Patent Reform Bill Makes Its Way through Congress

The long awaited patent reform legislation has been slowly making its way through Congress. The Senate is expected to reconcile the version that it passed back in March with the version that passed the House of Representatives on June 23, 2011. Although it should not be too difficult for the two bills to be reconciled and then sent to the President, the issue of the debt ceiling has been taking up all of Congress’s time and may push the reconciliation of the bills over to the next session of Congress.
Known as the “America Invents Act”, the proposed legislation changes several important things about patent law in the United States. Most significantly it would change the U.S. to a “first to file” system, rather than a “first to invent” system. Currently, the rightful owner of the invention is the first person to create the subject of the patent. Understandably, this can cause problems of proof and sometimes leads to litigation between competitors who file very similar patent applications. The “first to file” system theoretically removes this problem because it should be easy to determine who filed their application with the Patent and Trade Office first. Several large companies are supporting the change to “first to file”, and this is more consistent with most patent systems in the rest of the world, but small businesses and individual inventors are arguing that patent filing can be expensive and time consuming, and without the resources to file immediately and often they will be left at a disadvantage compared to larger corporations.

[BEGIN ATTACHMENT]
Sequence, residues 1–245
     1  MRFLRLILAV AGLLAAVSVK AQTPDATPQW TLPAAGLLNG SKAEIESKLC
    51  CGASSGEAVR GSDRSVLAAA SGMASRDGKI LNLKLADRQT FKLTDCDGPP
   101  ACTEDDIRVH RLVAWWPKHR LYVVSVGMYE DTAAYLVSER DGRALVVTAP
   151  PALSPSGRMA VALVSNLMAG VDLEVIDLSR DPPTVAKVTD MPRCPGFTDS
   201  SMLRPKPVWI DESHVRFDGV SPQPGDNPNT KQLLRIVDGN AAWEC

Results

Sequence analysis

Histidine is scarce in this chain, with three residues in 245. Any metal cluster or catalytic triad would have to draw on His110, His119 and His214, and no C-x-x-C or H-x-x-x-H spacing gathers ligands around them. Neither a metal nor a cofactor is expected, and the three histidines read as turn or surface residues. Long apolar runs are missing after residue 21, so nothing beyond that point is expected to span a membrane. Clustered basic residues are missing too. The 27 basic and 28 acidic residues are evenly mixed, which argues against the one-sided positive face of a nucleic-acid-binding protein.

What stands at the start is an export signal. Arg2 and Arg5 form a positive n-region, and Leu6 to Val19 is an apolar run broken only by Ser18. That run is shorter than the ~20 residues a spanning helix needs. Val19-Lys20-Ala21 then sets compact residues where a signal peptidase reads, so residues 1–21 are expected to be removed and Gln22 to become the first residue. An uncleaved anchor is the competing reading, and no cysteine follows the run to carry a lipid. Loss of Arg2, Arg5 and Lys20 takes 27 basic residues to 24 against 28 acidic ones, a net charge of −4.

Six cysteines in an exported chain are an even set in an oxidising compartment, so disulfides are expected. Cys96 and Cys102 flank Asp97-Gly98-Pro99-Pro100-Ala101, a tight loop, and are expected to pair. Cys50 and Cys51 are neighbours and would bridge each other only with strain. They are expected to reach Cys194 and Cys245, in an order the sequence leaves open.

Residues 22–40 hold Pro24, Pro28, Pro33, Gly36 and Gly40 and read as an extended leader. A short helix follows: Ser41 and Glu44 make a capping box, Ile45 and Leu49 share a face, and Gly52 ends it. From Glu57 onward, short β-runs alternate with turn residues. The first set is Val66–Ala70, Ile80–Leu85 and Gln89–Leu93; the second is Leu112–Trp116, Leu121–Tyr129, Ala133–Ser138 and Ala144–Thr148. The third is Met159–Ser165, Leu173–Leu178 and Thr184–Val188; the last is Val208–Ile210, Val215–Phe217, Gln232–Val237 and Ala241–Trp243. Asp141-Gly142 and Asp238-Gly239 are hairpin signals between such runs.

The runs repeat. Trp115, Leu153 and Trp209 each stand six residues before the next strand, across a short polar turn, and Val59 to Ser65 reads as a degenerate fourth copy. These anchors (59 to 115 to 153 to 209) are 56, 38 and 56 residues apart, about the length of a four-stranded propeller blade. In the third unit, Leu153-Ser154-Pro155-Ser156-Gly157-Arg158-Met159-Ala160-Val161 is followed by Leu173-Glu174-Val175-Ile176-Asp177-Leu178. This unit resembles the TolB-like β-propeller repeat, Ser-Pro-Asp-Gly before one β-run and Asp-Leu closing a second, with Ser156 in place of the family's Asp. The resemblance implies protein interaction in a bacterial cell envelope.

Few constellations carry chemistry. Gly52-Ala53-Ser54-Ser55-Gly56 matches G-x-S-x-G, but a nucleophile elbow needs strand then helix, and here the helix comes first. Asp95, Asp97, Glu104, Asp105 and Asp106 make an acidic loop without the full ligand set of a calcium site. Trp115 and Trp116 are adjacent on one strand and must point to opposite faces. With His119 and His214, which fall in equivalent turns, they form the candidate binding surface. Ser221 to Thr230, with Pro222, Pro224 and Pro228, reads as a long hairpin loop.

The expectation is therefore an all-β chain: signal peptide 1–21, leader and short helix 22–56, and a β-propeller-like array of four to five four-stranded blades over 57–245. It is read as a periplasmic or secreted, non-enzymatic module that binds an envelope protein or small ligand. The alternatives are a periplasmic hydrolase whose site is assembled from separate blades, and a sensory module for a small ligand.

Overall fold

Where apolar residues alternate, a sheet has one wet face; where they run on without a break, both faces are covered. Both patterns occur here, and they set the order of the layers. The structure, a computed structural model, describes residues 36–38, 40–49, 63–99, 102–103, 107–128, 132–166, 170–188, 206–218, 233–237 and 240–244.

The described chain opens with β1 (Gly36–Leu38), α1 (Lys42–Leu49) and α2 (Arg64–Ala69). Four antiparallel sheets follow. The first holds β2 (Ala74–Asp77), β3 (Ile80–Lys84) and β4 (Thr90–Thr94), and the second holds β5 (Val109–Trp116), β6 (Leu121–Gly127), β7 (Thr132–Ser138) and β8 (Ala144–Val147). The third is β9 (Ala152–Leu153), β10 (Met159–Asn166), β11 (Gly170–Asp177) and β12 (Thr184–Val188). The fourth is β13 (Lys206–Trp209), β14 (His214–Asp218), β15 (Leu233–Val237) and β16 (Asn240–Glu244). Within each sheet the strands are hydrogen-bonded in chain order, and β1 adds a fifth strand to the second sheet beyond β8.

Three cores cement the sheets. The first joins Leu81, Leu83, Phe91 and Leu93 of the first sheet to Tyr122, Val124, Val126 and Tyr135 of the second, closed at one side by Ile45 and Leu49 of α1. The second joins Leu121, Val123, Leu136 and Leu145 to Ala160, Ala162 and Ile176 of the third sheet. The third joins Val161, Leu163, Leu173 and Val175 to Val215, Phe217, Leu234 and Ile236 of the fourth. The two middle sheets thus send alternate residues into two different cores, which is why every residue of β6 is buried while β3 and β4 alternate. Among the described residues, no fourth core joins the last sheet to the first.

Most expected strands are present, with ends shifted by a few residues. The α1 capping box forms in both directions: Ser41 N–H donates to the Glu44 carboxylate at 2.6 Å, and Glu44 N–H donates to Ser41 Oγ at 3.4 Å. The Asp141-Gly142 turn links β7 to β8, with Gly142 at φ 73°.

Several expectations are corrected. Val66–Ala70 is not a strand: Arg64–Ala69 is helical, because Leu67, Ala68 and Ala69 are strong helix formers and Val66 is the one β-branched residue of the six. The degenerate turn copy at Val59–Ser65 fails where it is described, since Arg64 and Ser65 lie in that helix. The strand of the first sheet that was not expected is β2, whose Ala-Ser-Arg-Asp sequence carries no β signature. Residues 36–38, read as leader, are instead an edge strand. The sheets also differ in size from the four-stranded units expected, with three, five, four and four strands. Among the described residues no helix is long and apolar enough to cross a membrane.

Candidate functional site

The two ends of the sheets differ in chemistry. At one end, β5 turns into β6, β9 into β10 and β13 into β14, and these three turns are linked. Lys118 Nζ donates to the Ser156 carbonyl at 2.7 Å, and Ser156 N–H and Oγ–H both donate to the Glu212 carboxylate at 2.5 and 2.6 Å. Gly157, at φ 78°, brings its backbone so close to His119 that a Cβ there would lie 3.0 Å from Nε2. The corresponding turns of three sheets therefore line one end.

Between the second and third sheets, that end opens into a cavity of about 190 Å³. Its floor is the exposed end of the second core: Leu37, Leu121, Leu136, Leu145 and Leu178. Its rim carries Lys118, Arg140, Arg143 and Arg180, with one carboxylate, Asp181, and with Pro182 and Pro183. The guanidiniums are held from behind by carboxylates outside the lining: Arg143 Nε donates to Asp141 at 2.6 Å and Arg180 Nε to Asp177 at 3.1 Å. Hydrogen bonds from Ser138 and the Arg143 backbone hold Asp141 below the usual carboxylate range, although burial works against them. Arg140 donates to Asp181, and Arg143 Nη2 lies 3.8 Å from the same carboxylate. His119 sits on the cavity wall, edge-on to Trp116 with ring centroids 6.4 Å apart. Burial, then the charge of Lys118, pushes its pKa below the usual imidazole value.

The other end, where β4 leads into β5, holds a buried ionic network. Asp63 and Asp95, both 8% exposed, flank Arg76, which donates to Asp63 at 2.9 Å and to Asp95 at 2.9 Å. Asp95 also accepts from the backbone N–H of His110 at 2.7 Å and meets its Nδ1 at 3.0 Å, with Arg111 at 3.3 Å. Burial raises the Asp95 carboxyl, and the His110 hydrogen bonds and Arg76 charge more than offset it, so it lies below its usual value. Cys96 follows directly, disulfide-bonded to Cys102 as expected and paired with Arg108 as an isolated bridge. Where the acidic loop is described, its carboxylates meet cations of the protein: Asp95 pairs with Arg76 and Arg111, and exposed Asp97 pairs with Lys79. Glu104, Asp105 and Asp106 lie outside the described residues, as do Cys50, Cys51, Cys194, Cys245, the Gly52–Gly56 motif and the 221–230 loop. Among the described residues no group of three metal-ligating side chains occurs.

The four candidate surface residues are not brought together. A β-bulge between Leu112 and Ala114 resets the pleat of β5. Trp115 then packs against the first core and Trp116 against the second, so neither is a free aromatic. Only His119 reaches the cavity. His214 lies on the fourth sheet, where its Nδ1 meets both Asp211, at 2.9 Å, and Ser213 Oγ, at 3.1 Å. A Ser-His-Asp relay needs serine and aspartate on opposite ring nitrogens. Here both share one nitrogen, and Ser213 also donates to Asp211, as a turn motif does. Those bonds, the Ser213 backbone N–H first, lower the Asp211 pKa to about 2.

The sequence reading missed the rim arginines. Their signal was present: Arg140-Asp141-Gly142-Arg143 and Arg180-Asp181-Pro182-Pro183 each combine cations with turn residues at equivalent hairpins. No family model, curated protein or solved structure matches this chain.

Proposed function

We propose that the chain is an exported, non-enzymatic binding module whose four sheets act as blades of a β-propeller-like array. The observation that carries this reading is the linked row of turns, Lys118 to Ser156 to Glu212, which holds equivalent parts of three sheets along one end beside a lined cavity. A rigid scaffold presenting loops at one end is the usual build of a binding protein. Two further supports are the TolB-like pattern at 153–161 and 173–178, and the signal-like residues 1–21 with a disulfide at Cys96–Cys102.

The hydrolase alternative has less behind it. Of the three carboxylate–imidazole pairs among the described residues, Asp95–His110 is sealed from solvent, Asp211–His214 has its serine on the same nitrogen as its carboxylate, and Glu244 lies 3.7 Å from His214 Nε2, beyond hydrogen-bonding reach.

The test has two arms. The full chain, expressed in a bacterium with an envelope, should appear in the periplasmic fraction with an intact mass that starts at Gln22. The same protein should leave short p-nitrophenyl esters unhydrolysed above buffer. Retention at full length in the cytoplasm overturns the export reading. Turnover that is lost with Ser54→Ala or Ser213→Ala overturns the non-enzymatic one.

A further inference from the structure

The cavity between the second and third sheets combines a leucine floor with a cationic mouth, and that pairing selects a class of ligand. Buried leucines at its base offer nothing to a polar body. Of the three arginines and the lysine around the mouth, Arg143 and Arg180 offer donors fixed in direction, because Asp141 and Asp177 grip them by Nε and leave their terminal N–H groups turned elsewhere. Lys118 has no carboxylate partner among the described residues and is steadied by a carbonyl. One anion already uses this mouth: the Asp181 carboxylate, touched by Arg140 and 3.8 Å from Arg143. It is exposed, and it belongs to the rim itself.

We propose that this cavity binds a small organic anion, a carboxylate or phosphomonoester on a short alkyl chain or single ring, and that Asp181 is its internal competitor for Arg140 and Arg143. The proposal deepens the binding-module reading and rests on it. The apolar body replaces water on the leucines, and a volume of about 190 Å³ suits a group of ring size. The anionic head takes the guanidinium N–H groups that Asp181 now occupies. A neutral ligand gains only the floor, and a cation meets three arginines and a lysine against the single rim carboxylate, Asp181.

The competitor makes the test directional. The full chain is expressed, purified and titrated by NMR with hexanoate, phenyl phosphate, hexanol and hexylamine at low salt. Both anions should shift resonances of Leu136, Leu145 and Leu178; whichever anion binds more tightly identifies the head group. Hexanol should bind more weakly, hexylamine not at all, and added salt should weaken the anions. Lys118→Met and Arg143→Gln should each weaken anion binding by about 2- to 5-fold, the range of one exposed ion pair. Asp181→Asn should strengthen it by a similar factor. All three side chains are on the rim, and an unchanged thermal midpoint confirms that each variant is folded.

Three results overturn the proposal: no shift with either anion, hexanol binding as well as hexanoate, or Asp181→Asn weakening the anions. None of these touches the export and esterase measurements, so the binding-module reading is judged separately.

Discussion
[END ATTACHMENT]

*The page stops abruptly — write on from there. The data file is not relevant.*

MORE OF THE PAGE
Another change proposed in the American Invents Act would affect who can file lawsuits under the false marking statute. Although the false marking statute has enjoyed over 100 years without substantive change, several recent court decisions have greatly increased the awards for successful plaintiffs, which has in turn caused a dramatic rise in the number of lawsuits filed. False marking is nearly unique in the United States, in that anyone can file a claim, regardless of actual injury. The new bill would limit the right to file false marking claims to individuals and businesses who have suffered an actual competitive injury.
Many other issues are set to be changed with the passage of the bill, including the allocation of Patent and Trademark Office fees, and the denial of state court jurisdiction over claims that involve patents, plant variety protection, and copyrights.

Image (c): United States Patent and Trademark Office
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